7. 7. On Demand Routing Protocols for Mobile Adhoc Network3.2 Conclusion: The On-Demand routing protocols are much efficient to handle the dynamics of mobile ad-hoc networks than thetable driven routing protocol. We need to undertake much deeper study of all these reactive routing protocols which couldprove beneficial to make enhancements in performance of these protocols. It is highly recommended that we start with thebasic building blocks of these protocols and see how each of these blocks interact with each other and thereby observinghow the interaction could be coordinated more effectively so as to lead to increase in performance differentials.The protocols I took for my study are: AODV and DSR. AODV although is an On-Demand routing protocol yet it maintains routing tables. We can say that it has featuresof both table driven and reactive routing protocol. It has only one entry per source/destination pair, so it has to resort to routediscovery more often than DSR. DSR do not make use of any routing tables. Instead it can have more than one route persource/destination pair. It makes complete use of source routing, that means the source or the initiator of the data packet hasto determine the complete hop by hop route to the destination. Due to the availability of many alternate routes it has to resortto route discovery less often than AODV. On the basis of result, it was concluded that as the packet size is increased the end-to-end delay of AODV is lesserthan that of DSR for larger number of nodes; average throughput of generating packets for DSR is larger than that of AODVfor larger number of Nodes and traffic sources. However the average throughput of generating packets for AODV is greaterwhen the numbers of nodes are 40 and 80. Delay is an important metric which decides the efficiency of the routing protocol. DSR (Dynamic source routing) protocol is not a winner when it comes to the large size of the network. The end-to-end delay is increased when the packet size is increased. The degraded performance might be because of the aggressiveuse of caching. The basic problem is that in highly dynamic environment, the cache becomes stale and could lead tosignificant downfall in performance. There is a lot of scope related to the use of caching in DSR. So AODV gave the best performance overall, making it suitable for medium as well as larger networks.3.3 Future Scope: We need to evaluate these protocols AODV, DSR using different mobility models: Reference Point GroupMobility, Freeway. Also none of these protocols have any mechanism for load balancing, so there is much scope related tothis work. Apart from this the caching strategy used by DSR needs to be more efficient in order to handle frequent topologychanges when the simulation environment is highly dynamic. So there is a need to remove stale entries from the cache moreeffectively thereby the performance of DSR could be considerably improved. ACKNOWLEDGMENT I deem my proud privilege to express my sincere thanks and gratitude to NCCE, Panipat to provide me anopportunity to pursue this work. My special thanks & regards to Mr. SUKHVIR SINGH (HOD) who has guided me withall his relevant knowledge regarding this evaluation. REFERENCES 1. Hongbo Zhou "A Survey on routing protocols in manets”: Technical report: MSU-CSE-03-08 mar 28,2003. 2. Johnson et al "DSR: Dynamic source routing protocol for multihop wireless ad hoc networks", IETF, Feb 2002. 3. Samba Sesay et al "Simulation comparison of four wireless ad hoc routing protocols" Information technology journal 3(3): 219-226,2004. 4. Perkins, Royer, Das, Marina "Performance comparison of two on demand routing protocols for ad hoc networks" IEEE Infocom 2000 conference. 5. Broch et al "Performance comparison of multihop wireless ad hoc network routing protocols " http://www.monarch.cs.cmu.edu/ 6. Padmini Mishra "Routing protocols for ad hoc mobile wireless network" misra@cis.ohio-staLte.edu 7. Elizabeth M.Royer, C.K.Toh "A Review of current routing protocols for adhoc mobile wireless network" eroyer@alpha.ece.ucsb.edu,cktoh@ee.gatech.edu 8. "Performance evaluation of ad hoc routing protocols using ns2 simulation" 9. Fan Bai, Narayanan Sadagopan, Ahmed Helmy “BRICS: A Building-block approach for analyzing routing protocols in ad hoc networks-a case study of reactive routing protocols.”10. C.K. Toh,”Ad hoc Mobile Wireless Networks: Protocols and systems”, Prentice Hall, New Jersy 2002.11. Marc Greis ’Tutorial,www.isi.edu/nsnam/ns/tutorial.12. NS Simulator for beginners13. Sampo Naski,”Performance of Ad hoc Routing Protocol :Characteristics and Comparison,” Seminar on Internetworking,2004.14. Laura Marie Feeney, “A taxonomy for routing protocols in mobile ad hoc networks,” Tech. Rep., Swidish Institute of computer science, www.sics.se/Imfeeney/, October 1999.15. IETF working group ,www.ietf.org/html.charters/manet-charter.html.16. Fan Bai, Ahmed Helmy,”A Survey of Mobility Models in Wireless Ad hoc Networks”, University of South California, USA.17. T. Camp, J. Boleng, and V. Davies, “A survey of mobility models for ad hoc network research,” Wireless Communication and Mobile Computing (WCMC): Special issue on Mobile Ad Hoc Networking Research, Trends and Applications, vol. 2, no. 5, 2002,pp. 483–502. 38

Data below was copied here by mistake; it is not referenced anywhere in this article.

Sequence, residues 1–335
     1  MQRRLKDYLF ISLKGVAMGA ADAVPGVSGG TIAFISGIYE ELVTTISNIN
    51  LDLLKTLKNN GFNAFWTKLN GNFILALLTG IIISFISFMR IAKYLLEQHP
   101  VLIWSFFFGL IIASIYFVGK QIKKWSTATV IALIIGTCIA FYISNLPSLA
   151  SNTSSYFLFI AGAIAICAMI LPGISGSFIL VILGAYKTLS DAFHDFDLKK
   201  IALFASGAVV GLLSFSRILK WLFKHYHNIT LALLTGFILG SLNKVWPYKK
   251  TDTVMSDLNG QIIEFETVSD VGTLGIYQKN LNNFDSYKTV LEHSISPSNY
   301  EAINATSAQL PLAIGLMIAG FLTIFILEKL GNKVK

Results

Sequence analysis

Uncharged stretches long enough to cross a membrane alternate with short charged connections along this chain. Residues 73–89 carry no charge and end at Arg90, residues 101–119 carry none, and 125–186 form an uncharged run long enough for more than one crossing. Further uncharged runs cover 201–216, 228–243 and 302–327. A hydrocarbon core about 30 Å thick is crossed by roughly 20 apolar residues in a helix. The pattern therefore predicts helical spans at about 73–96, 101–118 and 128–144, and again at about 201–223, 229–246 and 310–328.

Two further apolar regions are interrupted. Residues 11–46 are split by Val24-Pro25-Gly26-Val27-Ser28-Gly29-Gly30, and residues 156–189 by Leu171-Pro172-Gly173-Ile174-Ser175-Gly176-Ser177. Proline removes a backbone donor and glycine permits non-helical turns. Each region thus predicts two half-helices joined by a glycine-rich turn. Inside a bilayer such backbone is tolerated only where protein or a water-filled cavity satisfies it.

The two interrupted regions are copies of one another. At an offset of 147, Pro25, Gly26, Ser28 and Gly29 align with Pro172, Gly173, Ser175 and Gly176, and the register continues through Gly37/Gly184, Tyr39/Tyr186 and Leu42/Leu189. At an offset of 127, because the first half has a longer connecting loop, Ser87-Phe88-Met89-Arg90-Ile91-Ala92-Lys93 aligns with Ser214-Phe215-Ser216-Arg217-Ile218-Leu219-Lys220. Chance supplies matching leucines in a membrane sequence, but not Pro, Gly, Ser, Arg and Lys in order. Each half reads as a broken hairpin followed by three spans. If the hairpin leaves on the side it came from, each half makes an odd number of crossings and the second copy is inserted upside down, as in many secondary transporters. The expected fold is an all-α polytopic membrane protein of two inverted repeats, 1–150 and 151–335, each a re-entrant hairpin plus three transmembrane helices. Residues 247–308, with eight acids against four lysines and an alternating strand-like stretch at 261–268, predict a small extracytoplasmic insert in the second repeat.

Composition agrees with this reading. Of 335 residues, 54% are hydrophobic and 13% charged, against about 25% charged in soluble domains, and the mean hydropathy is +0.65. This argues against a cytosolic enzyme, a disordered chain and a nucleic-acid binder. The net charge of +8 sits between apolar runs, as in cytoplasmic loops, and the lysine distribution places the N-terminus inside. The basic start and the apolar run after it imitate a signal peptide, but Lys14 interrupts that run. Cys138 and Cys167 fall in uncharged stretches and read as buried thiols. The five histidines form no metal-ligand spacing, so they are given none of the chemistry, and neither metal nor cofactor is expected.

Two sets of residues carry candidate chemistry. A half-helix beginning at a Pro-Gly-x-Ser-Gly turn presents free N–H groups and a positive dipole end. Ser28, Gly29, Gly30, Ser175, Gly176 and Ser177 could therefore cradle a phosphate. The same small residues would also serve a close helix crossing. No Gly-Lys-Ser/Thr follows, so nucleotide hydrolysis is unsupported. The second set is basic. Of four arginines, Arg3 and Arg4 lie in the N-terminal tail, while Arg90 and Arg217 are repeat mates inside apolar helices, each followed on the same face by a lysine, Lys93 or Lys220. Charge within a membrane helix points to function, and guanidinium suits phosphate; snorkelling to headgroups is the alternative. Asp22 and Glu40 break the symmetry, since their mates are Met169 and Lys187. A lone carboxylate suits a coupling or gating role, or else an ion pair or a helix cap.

8. 8. On Demand Routing Protocols for Mobile Adhoc Network18. Haas Z.J, Pearlman M.R, Samar P, “The Zone Routing Protocol (ZRP) for AdHoc Networks,” IETF Internet Draft, July 2002.19. Perkins C.; Belding-Royer E.M.; Das S, “Ad hoc On-Demand Distance Vector(AODV) Routing,” IETF Internet Draft, Jan 2002.20. Asis Nasipuri, Book Chapter “Mobile ad hoc Networking,” in hand book of RF and Wireless Technologies, Edited by Farid Dowla, Newnes, 2004. 39